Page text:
Lyric Opera’s ‘Twilight: Gods’ delivers a sensational drive-through Wagner — in an underground garage
Audiences experience this work from their cars, nine vehicles at a time (126 total per night) snaking through a blue-lit, maze-like path in the Millennium Lakeside Parking Garage with the help of dozens of guides along the way.
Parking garages are often dingy, dank, and, well, a little forbidding — in other words, the perfect, if totally unlikely setting for a radical reimagining of “Götterdämmerung.” The dark, ultimately redemptive work culminates Richard Wagner’s mythic 19th-century opera cycle, “Der Ring des Nibelungen (The Ring of the Nibelung).”
Lyric Opera of Chicago’s sold-out production of just such a makeover, “Twilight: Gods,” which runs April 28, 30 and May 2 in the Millennium Lakeside Parking Garage, is not so much an opera in any conventional sense but what might be called an immersive experience with music, dance, theater and poetry all woven together.
When: 5:30 p.m. April 28 and 30; 1 p.m. May 2
Where: Millennium Lakeside Parking Garage, 5 S. Columbus Drive
Tickets: Sold out
It is the brainchild of Yuval Sharon, a 2017 MacArthur Foundation genius grant winner who is the daring artistic director of the Michigan Opera Theatre in Detroit, where the production debuted to national accolades last year.
Working with Lyric, which co-commissioned “Twilight: Gods,” the director restaged it here, with slight, inevitable variations to accommodate this setting. It was reviewed Monday evening during the dress rehearsal, which ran a little more than 90 minutes without intermission — a far cry from the five hours of Wagner’s original opera.
Audiences experience this work from their cars, nine vehicles at a time (126 total per night) snaking through a blue-lit, maze-like path in the Millennium Lakeside Parking Garage with the help of dozens of guides along the way. They stop at six stations, where scenes from the original opera and added narrative are presented in segments that last 10 minutes or so.
Although it is possible to take in the music and singing echoing through the cavernous expanse of the parking garage with the window down, all the performers are miked and can be heard to much better advantage through the car radio tuned to a different station at each stop.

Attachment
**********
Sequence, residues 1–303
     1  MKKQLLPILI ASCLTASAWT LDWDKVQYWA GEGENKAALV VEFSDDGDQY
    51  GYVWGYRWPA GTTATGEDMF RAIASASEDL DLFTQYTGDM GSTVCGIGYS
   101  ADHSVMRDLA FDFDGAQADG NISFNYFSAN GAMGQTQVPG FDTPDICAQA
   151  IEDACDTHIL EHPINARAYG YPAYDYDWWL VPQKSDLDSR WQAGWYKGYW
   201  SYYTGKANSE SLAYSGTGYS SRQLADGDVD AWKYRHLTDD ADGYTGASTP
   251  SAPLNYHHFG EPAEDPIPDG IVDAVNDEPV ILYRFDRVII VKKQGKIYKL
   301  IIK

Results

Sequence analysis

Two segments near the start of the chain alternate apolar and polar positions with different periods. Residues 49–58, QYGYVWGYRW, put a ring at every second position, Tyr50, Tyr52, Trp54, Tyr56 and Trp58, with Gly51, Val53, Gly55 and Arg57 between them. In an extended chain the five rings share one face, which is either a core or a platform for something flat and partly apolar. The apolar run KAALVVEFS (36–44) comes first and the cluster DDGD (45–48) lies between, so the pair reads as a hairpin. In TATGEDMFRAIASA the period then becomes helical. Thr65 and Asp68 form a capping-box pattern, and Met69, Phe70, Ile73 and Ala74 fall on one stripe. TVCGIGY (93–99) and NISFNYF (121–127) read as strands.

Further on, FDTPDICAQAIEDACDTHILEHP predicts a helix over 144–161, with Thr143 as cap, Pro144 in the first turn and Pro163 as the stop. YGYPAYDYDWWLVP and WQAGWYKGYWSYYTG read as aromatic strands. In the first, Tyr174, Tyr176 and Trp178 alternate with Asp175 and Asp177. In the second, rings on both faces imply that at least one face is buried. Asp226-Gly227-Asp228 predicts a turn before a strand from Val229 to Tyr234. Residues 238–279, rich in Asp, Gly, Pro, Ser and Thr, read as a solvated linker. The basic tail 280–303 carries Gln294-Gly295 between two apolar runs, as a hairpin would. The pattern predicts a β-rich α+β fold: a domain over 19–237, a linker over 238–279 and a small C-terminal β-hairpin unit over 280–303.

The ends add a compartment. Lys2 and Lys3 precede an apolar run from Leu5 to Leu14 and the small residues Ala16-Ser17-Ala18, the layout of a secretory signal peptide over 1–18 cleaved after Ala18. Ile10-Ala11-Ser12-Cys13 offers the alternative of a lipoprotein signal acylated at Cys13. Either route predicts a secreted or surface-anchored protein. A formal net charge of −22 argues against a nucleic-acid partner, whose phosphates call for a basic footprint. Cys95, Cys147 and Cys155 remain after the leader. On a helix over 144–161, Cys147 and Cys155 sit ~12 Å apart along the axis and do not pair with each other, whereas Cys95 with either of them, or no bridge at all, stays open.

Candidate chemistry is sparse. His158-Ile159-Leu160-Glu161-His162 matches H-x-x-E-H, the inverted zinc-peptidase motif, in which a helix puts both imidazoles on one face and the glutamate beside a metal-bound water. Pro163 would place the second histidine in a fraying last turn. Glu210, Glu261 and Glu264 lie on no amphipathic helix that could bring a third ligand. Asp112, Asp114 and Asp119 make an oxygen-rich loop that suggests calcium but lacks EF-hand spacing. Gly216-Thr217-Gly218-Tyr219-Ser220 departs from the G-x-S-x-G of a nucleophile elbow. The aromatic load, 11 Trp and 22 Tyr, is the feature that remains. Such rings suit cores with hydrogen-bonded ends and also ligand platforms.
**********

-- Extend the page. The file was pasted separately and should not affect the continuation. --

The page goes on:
Two of the six vignettes feature Chicago interdisciplinary artist avery r. young, who also provides what Lyric Opera calls “poetic transitions.” This magnetic performer serves a narrator and contemporary interpreter of Wagner’s original story, appearing in the introductory video, marrying his inventive poetry with bluesy singing, and performing live in the penultimate segment in the guise of a preacher.
Along the way are some startling sights, none more unexpected and other-worldly than what looks like an acre-wide expanse of 2,880 candles with 15 students of the Joffrey Academy of Dance shifting spotlights as they dance to a jazzy arrangement of Siegfried’s funeral music from “Götterdämmerung.” It is all part of the character’s funeral procession, which audience members take part in as they follow his hearse.
But as it should be, considering Lyric is an opera company, the most memorable moments of this production are the operatic vignettes. These include the powerful, redemptive conclusion featuring soprano Christine Goerke, one of the world’s pre-eminent Brünnhildes.
Nothing, though, tops mezzo-soprano Catherine Martin’s haunting aria as Waltraute, daughter of the great god, Wotan, as she laments the failing faculties of her father and tries to convince an unseen Brünnhilde to help him by returning the ring that is at the center of Wagner’s story.
Her performance is heightened by the strange and compelling intimacy of the dimly lit setting – just nine carloads of listeners (instead of potentially more than 3,000 in the Lyric Opera House) sharing this fleeting, communal moment.
While nothing will ever supplant the power of traditional opera performed on a stage and the fusion of colliding elements in “Twilight: Gods” can be unwieldy at times, this inventive mix of old and new is eye-opening, transporting and just plain cool.
At the same time, Lyric Opera’s first in-person production since COVID-19 protocols were imposed more than a year ago is an incredibly ambitious undertaking. The sometimes moribund opera world needs jolts of innovation and originality like this, and the company and all the participants deserves big kudos for taking it on.
Perhaps best of all, it just felt good to be out attending an honest-to-goodness, live, in-person performing arts event.